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Neurosci Biobehav Rev. 2014 Jun;43:259-68. doi: 10.1016/j.neubiorev.2014.03.027. Epub 2014 Apr 13.

The problem with value.

Author information

1
Division of Humanities and Social Sciences, and Computation and Neural Systems Program, California Institute of Technology, United States. Electronic address: jdoherty@caltech.edu.

Abstract

Neural correlates of value have been extensively reported in a diverse set of brain regions. However, in many cases it is difficult to determine whether a particular neural response pattern corresponds to a value-signal per se as opposed to an array of alternative non-value related processes, such as outcome-identity coding, informational coding, encoding of autonomic and skeletomotor consequences, alongside previously described "salience" or "attentional" effects. Here, I review a number of experimental manipulations that can be used to test for value, and I identify the challenges in ascertaining whether a particular neural response is or is not a value signal. Finally, I emphasize that some non-value related signals may be especially informative as a means of providing insight into the nature of the decision-making related computations that are being implemented in a particular brain region.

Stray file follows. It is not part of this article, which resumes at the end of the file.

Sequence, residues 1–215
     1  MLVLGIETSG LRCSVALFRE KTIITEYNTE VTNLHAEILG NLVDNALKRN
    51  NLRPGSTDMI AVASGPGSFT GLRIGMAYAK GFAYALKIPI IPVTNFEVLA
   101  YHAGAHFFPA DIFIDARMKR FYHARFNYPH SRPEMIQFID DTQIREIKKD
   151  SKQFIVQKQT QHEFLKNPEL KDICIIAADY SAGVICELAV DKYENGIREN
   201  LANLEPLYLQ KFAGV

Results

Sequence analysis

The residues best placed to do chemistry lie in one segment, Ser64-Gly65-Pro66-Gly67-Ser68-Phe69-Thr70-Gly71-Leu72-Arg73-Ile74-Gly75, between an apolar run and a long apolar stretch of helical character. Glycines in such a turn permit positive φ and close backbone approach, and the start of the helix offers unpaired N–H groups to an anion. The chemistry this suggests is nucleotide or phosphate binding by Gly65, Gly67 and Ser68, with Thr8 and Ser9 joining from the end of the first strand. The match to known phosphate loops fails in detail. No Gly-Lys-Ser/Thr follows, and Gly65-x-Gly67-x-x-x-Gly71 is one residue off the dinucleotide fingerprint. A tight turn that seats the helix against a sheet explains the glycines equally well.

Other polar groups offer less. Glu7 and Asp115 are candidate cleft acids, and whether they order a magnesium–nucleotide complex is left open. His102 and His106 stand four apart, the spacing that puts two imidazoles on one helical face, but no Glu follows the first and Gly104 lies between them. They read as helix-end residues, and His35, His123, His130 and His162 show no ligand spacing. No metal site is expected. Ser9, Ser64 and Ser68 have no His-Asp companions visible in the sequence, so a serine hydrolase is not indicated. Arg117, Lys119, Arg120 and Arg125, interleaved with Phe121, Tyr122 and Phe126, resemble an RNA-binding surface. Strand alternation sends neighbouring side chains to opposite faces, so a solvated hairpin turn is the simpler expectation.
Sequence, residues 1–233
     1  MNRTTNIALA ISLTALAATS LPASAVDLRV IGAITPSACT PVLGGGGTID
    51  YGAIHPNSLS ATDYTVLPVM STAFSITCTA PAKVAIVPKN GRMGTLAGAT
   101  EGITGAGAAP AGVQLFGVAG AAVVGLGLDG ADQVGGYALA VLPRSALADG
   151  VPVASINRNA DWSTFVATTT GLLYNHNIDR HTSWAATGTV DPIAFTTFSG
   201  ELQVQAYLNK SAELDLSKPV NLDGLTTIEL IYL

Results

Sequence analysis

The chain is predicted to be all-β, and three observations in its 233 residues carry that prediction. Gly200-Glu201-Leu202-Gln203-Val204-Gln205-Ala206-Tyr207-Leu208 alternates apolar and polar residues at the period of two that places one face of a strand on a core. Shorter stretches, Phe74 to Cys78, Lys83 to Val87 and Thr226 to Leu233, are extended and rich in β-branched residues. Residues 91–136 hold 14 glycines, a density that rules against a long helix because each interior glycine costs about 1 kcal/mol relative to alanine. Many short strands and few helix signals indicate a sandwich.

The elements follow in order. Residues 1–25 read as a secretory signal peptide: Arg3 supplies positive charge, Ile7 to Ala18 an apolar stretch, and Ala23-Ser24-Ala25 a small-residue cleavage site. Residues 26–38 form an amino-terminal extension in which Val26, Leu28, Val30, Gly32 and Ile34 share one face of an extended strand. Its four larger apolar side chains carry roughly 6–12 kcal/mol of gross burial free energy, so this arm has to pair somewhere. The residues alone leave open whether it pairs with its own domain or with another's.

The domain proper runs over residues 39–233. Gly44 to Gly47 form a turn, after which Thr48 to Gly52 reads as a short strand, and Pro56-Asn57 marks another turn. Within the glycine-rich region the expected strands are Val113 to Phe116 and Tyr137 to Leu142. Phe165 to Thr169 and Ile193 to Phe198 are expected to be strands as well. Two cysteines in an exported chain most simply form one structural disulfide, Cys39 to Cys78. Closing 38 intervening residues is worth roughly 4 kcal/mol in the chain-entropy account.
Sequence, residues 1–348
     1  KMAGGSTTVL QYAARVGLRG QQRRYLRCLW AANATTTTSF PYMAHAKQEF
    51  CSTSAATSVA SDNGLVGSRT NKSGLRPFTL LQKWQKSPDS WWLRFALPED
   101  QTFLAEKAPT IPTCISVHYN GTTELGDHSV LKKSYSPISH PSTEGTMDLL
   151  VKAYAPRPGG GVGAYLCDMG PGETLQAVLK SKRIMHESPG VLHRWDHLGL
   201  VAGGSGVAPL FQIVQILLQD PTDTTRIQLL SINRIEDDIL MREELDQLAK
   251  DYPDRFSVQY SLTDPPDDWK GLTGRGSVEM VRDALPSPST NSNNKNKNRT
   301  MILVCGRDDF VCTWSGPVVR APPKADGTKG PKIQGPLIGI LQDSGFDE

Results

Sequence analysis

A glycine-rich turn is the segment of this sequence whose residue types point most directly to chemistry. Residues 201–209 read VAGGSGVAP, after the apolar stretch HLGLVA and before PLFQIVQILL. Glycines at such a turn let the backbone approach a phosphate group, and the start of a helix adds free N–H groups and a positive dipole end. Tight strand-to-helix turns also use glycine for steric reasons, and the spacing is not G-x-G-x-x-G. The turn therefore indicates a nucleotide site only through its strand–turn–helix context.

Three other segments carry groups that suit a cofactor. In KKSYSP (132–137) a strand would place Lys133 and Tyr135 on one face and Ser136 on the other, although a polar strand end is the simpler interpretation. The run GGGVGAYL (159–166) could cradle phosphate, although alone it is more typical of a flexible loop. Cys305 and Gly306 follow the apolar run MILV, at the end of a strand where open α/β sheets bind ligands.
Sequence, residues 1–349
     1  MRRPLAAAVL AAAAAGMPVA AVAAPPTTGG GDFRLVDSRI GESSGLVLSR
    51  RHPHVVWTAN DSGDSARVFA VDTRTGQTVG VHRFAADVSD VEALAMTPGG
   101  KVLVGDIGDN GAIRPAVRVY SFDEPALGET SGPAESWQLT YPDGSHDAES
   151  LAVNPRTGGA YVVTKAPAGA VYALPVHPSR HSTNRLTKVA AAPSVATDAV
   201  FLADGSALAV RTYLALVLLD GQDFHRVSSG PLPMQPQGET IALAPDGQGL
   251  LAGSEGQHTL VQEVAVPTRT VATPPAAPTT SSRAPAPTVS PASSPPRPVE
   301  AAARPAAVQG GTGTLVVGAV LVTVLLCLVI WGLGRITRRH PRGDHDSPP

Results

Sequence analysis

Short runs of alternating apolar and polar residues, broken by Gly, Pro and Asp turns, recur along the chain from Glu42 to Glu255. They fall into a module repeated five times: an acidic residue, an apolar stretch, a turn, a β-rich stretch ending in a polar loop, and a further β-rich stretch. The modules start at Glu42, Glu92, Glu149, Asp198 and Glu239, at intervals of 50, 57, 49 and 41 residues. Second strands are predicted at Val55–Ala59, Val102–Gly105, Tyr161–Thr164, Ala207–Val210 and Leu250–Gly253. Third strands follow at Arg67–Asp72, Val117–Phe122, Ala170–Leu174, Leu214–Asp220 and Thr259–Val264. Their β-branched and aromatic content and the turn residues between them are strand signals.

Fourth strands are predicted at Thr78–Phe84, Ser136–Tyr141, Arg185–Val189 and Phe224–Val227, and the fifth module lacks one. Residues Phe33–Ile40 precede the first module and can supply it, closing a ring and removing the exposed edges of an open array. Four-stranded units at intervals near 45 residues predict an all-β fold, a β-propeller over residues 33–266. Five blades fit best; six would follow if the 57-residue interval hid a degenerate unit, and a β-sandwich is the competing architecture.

KEYWORDS:

Decision-making; Learning; Neuroeconomics; Reward

PMID:
24726573
PMCID:
PMC4332826
DOI:
10.1016/j.neubiorev.2014.03.027
[Indexed for MEDLINE]
Free PMC Article

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